The upcoming Paramount Network sent a message for the kind of channel it wants to be Wednesday by giving a straight-to-series order to Yellowstone, an ambitious drama series from Oscar-nominated Hell or High Water screenwriter Taylor Sheridan.

The 10-episode drama will premiere in Summer 2018, after Spike rebrands as the Paramount Network in January. It's the first series in development for the new network, which aims to contend with cable networks like USA and AMC by making high-quality (and expensive) scripted content. Yellowstone is meant to be its Mr. Robot, though I anticipate Paramount and production company The Weinstein Co. to get a bigger star for the lead role than Rami Malek was when USA's flagship premiered.

"Yellowstone exemplifies what a Paramount Network original dramatic series will be with premium storytelling, high production values, compelling characters and the best talent behind the camera and in front of it," Paramount Network's president of development and production Keith Cox said in a statement.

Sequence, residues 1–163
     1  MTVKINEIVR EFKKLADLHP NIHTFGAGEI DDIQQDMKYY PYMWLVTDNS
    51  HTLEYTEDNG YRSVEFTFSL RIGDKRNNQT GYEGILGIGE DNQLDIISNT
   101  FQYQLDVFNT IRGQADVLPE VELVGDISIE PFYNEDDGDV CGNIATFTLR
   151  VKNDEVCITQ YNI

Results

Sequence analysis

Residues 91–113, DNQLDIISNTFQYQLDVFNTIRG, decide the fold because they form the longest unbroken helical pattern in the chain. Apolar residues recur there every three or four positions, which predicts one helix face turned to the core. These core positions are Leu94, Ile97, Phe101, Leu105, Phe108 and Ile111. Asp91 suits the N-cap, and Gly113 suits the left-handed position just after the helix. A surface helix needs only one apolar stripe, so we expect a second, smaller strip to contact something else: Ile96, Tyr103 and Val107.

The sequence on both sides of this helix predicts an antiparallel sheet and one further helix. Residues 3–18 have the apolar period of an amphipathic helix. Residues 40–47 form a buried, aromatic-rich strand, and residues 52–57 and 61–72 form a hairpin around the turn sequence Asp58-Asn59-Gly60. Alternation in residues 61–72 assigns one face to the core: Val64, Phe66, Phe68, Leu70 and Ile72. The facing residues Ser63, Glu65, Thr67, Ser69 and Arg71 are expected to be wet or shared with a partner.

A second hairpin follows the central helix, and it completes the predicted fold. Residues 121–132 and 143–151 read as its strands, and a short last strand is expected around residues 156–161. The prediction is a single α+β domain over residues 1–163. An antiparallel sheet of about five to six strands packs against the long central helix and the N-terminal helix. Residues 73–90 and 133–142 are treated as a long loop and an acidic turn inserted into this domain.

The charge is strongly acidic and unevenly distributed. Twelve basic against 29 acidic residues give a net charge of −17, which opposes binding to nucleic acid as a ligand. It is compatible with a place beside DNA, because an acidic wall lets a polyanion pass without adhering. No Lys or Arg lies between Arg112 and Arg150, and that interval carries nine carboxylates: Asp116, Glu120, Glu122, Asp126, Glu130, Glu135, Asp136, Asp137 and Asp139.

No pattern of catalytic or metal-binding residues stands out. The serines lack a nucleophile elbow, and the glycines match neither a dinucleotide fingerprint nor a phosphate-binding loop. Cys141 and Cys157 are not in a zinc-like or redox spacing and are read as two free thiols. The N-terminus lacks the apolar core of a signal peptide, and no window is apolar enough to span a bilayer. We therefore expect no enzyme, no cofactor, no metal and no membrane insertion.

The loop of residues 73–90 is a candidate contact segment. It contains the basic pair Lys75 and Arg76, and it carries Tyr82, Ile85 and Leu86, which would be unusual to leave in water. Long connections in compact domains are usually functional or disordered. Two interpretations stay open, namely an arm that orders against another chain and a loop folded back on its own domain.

Taylor SheridanTaylor Sheridan

According to The Hollywood Reporter,

Yellowstone revolves around the Dutton family, led by John Dutton, who controls the largest contiguous ranch in the U.S., under constant attack by those it borders — land developers, an Indian reservation and America's first National Park. The series is described as a study of a violent world far from media scrutiny — where land grabs make developers billions, and politicians are bought and sold by the world's largest oil and lumber corporations. Where drinking water poisoned by fracking wells and unsolved murders are not news: they are a consequence of living in the new frontier. It is the best and worst of America seen through the eyes of a family that represents both.

Casting is currently underway for the series, which will enter production in the fall. Sheridan will write and direct. I'm thinking Hell or High Water star Jeff Bridges is the obvious choice for John Dutton?

Yellowstone joins a Paramount Network slate that includes the miniseries Waco starring Taylor Kitsch as cult leader David Koresh, which is scheduled for early 2018 and will likely be Paramount Network's coming-out event; the adaptation of the cult classic movie Heathers, which is moving over from TV Land; the '70s-set Alicia Silverstone dramedy American Woman, another TV Land import; and new seasons of Spike staples like Lip Sync Battle and Bar Rescue.

So say goodbye to Spike's "television for men" and say hello to "it's not HBO, it's Paramount Network."